Watch live coverage of ceremonies in Selma commemorating 50 years since "Bloody Sunday" starting at 11 a.m. ET Saturday on CNN and CNNgo.
Washington (CNN)Update - 6:55 p.m. - House Majority Leader Kevin McCarthy will now go to Selma Saturday to join in the 50th anniversary events.
McCarthy tells CNN he considers John Lewis a close friend, and wants to be there to commemorate the historic anniversary.
McCarthy has been to Selma in the past, and he and Lewis worked together to show the movie Selma to all lawmakers in a Capitol auditorium.
Top Republican leaders on Capitol Hill won't join the largest bipartisan congressional delegation ever in Selma, Alabama, this weekend to mark the 50th anniversary of the Bloody Sunday civil rights march.
Senate Majority Leader Mitch McConnell, House Speaker John Boehner, House Majority Leader Kevin McCarthy and House Majority Whip Steve Scalise will not be on hand for the celebration, according to spokesmen for McConnell and Boehner.
Asked about McConnell's plans this weekend, spokesman Don Stewart said "he'll be back home as he is most weekends."
Boehner's office would not release the speaker's schedule in advance for security reasons. But when Congress is out for more than a week, as it is right now, Boehner typically attends political events around the country.
Spokesmen for McCarthy and Scalise did not return requests for comment, though Boehner spokesman Michael Steel confirmed that no one from the top GOP leadership will be in Selma.
The absence of key GOP lawmakers at such a significant anniversary is notable for a party that is seeking to expand its base. It comes just months after third-ranking House Republican Rep. Steve Scalise of Louisiana was embroiled in a controversy over speaking to a group of white supremacists in 2002 and as efforts to revive key provisions of the Voting Rights Act have stalled in Congress.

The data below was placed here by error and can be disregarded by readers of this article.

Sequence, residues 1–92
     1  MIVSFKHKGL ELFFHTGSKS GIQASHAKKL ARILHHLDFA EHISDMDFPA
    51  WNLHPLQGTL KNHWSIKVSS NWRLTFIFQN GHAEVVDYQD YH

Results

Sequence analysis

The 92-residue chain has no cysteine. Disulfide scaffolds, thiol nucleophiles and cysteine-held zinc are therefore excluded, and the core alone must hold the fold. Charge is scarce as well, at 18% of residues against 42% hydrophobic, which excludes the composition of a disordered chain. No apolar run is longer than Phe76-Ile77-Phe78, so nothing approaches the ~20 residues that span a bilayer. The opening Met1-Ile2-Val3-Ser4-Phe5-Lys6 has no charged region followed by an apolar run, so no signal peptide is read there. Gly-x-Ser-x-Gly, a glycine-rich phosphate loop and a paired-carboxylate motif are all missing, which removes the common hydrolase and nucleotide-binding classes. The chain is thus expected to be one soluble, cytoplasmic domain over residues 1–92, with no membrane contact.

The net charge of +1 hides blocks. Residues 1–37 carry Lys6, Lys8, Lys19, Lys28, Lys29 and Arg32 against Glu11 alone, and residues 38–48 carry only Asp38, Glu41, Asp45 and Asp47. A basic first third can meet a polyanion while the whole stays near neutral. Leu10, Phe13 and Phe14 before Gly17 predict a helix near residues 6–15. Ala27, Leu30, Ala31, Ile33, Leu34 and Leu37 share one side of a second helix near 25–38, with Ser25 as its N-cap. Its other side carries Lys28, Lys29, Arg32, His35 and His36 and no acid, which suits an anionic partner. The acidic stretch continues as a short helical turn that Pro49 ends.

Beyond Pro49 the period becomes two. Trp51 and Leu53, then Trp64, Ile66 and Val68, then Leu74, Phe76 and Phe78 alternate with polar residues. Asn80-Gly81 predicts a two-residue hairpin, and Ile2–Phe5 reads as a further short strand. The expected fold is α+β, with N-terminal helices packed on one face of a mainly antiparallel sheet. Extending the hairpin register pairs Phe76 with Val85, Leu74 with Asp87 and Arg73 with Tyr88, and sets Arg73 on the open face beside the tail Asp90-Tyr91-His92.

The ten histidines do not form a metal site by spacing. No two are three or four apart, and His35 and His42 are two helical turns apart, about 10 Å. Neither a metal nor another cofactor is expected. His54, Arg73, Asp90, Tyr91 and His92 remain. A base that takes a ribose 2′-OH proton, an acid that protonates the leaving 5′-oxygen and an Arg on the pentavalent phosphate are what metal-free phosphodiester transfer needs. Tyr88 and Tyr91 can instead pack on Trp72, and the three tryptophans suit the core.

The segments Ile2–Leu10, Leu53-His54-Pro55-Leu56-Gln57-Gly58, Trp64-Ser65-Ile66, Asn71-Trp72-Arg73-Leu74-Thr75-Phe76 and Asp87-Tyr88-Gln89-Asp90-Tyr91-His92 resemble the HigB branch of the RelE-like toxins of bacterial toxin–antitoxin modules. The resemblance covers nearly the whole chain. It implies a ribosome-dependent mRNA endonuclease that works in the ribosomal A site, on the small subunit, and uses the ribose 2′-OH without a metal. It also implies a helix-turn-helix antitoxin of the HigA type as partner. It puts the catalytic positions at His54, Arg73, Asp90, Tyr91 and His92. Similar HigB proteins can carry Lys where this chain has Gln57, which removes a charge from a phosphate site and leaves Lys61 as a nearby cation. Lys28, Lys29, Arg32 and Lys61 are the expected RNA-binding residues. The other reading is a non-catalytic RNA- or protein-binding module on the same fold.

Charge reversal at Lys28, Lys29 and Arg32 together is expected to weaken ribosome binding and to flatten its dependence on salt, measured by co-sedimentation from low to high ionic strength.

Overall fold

Politico first reported that GOP leaders won't attend the event.
President Barack Obama, along with his wife and daughters, will be in Selma on Saturday's anniversary, as will former President George W. Bush and First Lady Laura Bush.
It's worth noting that not all top Democrats are planning to be in Selma either.
House Minority Leader Nancy Pelosi is going, according to her spokesman, and Minority Whip Steny Hoyer and Caucus Chair Xavier Becerra will also be there, said Rep. John Lewis, the Georgia Democrat who was a leader of the Bloody Sunday march and is heading up the congressional delegation. South Carolina Rep. Jim Clyburn, the No. 3 House Democrat, is also going.
But Sen Minority Leader Harry Reid is not going as he recovers from eye surgery, his office said. The second and third ranking Senate Democrats -- Dick Durbin of Illinois and Chuck Schumer of New York -- also won't attend, according to their spokesmen.
On Wednesday, Lewis told CNN 96 members were expected on the chartered flight to Selma and some 15 to 20 more were planning to meet up in Birmingham and Selma, calling it "the largest group ever."